Socializing the Chow Chow Puppy
Learn easy steps to train your Chow Chow puppy.
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The Chow Chow does not enjoy the reputation of being the most friendly dog on the planet. Indeed, he is not by nature the most gregarious and outgoing dog. Breeders, however, must emphasize the importance of socializing the Chow so that he is friendly, reliable and completely open to meeting strangers. Chow puppies require extra effort to encourage them to be friendly and amenable to handling. In essence, owners must make every attempt to get their Chow puppies to come out of their shells. Breeders believe that a stud dog, or show dog, is without merit unless he can be handled. Only reliably friendly Chows should be bred, so your puppy certainly should have come from gregarious parents.
It is very difficult to socialize an adult Chow who has not been handled and loved as a puppy. This makes rescuing such an unsocialized Chow a very daunting prospect. Unfortunately, bad-tempered adult Chows have given the breed a bad reputation, to the point that many insurance companies include the Chow Chow on their lists of dangerous breeds.
Socializing your puppy is very important if you want a dog that fits into your home and a dog that is a good companion, enjoyed by everyone. Socializing a puppy is similar to when you bring home a new baby. Hold and pet your puppy so that he knows that he is wanted and loved. Do not play with him constantly, as he is very young and needs time to rest up and sleep. Keep him to a schedule as much as you can, as he will become schedule-oriented very quickly. If he knows that you rise at 7:00 a.m., and shortly after you will take him out, he will wait for you to let him out and will not relieve himself in his crate.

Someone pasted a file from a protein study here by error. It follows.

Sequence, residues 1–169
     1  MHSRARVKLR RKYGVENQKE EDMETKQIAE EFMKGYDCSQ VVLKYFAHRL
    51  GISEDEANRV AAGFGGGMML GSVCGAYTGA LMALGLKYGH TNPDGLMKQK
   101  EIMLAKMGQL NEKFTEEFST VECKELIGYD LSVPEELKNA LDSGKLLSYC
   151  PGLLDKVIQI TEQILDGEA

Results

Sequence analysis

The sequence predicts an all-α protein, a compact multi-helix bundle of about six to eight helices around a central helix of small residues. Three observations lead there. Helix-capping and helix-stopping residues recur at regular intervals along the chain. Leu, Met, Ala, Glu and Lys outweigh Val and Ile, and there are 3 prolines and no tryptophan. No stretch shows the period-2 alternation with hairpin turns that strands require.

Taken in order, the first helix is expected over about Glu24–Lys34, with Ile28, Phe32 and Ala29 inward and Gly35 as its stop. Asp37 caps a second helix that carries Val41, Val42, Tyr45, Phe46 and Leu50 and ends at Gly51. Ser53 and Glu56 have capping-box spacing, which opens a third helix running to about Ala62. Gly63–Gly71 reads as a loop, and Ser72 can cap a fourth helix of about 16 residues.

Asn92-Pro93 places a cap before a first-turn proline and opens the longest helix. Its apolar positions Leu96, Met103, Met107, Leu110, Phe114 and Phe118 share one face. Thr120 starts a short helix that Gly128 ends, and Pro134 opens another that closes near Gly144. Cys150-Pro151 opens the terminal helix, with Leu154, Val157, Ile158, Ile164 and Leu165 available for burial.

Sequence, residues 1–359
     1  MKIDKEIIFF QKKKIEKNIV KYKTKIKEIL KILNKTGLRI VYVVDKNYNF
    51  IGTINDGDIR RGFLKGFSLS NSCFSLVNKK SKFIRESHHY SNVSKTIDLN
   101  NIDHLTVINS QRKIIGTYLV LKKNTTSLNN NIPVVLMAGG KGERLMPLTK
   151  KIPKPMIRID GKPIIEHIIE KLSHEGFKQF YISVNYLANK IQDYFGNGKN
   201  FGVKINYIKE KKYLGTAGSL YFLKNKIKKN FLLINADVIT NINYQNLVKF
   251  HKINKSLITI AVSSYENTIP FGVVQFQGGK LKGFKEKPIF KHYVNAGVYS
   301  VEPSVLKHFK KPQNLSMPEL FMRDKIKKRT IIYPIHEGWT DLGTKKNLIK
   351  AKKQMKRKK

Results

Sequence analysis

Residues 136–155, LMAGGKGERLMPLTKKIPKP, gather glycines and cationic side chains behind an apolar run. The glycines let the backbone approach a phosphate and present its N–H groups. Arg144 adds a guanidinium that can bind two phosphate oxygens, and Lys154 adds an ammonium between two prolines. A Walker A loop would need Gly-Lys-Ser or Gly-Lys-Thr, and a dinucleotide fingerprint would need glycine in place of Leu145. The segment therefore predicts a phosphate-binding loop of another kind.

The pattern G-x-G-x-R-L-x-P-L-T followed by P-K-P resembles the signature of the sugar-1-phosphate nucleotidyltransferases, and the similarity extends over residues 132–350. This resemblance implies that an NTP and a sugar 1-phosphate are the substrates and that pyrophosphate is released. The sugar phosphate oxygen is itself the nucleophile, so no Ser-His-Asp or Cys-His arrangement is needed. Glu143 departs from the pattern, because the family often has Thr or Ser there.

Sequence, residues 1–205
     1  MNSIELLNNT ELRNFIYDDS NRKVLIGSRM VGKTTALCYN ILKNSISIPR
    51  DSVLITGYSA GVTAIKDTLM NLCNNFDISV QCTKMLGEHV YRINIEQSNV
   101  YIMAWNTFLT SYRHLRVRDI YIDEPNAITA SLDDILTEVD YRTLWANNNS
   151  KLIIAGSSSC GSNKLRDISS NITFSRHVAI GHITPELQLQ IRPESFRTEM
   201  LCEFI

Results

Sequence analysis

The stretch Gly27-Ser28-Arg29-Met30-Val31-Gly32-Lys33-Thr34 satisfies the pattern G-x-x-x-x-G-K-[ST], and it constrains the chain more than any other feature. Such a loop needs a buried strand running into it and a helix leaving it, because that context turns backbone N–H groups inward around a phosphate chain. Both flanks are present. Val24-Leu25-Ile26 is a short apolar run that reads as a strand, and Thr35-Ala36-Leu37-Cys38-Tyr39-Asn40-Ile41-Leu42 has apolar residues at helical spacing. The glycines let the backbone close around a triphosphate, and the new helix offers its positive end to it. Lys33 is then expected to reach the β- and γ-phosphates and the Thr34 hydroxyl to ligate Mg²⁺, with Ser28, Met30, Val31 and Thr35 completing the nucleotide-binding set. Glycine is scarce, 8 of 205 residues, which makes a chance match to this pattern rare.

Habits, and that includes good and bad habits, that are learned at an early age become lifelong habits, so it is best to start out on the right foot (or paw). Don't let him chew on the leg of the old kitchen table and think that it's cute, because before long he will have chewed on the leg of your expensive dining-room table. Set limits and make sure that the pup sticks to them.
Keep your Chow puppy confined to a specific area, such as the kitchen and den, until he is trained and fairly mature. Use baby gates to block doorways and he will quickly learn that he is welcome in certain areas of the house and not welcome in other areas. And, of course, put him into his crate when you leave home, as he will be comfortable in his house and will sleep until you return.
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